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How Israel defied ICJ provisional measures, one month on

Despite court ruling, Israel continued to kill and cause harm in Gaza, blocked aid entry and allowed officials to incite against Palestinians
This handout picture released by the Israeli army on 26 January 2024 shows Israeli soldiers in the Gaza Strip (AFP/Israeli army)
Israeli soldiers in the Gaza Strip, a handout picture released by the Israeli army on 26 January 2024 (AFP/Israeli army)

It has now been more than one month since the International Court of Justice (ICJ) delivered an interim ruling calling on Israel to take measures to prevent acts of genocide in Gaza. 

The provisional measures were announced on 26 January, weeks after South Africa had taken Israel to the Hague-based court over accusation of genocide against Palestinians.

The court did not order Israel to halt its military operations in Gaza, one of South Africa's key demands. It also did not rule on whether Israel was committing genocide, and will likely not do so for some time. 

However, it did rule on several provisional measures, voted for by the vast majority of the court's seventeen judges.

It ordered Israel to take measures to prevent acts that fall under Article II of the Genocide Convention, namely: killing members of a particular group, causing serious bodily or mental harm, deliberately bringing about the physical destruction of the group, and imposing measures intended to prevent births.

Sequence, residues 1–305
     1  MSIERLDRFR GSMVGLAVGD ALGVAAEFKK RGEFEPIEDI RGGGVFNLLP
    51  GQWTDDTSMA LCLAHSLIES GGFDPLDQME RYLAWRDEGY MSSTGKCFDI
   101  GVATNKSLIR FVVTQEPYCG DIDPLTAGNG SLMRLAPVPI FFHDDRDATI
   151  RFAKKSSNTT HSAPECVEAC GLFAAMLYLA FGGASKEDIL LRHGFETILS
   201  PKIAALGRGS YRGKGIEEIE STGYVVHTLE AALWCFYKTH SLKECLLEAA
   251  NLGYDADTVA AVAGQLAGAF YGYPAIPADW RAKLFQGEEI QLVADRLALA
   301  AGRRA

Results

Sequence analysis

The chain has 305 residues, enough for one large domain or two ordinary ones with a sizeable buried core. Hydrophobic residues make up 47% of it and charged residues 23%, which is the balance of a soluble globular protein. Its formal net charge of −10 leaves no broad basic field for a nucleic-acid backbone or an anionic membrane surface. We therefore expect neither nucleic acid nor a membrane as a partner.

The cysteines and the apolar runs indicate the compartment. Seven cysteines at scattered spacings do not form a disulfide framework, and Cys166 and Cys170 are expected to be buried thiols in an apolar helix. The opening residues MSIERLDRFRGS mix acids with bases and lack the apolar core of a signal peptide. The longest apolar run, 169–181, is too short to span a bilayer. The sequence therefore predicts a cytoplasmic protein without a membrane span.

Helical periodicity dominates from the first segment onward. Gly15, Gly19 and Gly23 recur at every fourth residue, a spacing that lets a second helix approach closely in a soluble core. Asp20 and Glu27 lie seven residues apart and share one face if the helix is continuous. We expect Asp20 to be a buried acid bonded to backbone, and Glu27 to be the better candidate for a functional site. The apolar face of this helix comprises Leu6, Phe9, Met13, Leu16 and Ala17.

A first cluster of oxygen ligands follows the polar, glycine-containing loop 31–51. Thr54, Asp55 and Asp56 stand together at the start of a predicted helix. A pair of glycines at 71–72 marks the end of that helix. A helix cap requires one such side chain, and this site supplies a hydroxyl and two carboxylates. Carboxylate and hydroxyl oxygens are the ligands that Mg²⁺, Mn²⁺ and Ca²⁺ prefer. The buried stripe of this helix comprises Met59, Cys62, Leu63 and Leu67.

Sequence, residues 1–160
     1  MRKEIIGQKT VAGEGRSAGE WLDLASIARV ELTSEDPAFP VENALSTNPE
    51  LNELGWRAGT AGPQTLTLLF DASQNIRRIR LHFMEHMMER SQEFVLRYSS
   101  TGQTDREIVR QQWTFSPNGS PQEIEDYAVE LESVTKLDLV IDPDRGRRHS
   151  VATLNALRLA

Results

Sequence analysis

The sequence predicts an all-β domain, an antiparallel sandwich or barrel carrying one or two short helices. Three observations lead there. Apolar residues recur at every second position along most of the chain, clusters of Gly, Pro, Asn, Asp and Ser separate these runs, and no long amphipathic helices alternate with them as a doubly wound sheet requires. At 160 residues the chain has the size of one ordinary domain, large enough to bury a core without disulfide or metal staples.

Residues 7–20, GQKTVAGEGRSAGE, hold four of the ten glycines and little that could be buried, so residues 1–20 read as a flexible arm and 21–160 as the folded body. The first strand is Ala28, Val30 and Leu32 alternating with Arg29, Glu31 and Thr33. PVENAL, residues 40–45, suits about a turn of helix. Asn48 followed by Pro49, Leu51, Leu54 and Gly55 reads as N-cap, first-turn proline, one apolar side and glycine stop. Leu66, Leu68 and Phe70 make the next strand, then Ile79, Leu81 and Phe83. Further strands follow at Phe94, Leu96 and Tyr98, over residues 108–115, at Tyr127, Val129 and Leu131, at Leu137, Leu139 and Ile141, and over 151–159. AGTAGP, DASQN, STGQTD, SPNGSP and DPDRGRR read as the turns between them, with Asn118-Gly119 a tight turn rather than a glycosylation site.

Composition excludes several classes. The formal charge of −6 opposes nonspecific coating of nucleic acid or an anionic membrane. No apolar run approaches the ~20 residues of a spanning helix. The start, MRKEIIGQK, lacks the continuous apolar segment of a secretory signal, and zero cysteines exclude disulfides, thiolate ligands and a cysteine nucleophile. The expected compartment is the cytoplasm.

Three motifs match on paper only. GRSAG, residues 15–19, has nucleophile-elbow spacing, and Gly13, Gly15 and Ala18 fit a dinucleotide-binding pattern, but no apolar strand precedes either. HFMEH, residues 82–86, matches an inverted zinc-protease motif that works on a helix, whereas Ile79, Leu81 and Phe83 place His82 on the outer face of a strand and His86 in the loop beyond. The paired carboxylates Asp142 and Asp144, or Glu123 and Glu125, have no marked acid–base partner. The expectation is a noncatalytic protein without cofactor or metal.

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The court also ordered Israel to enable the provision of urgent humanitarian aid, prevent the destruction of evidence of crimes and to prevent and punish incitement to commit genocide against Palestinians. 

In addition, it commanded Israel to submit a report within a month outlining all the measures it had taken to follow the ICJ's orders. Israel submitted the report earlier this week. 

Over the past month, actions taken by Israel in Gaza appear to defy several of the provisional measures. Middle East Eye takes a look below.

Killing civilians in Gaza

The court instructed Israel to take all measures to prevent killing Palestinians in Gaza, as part of its obligations under the Genocide Convention.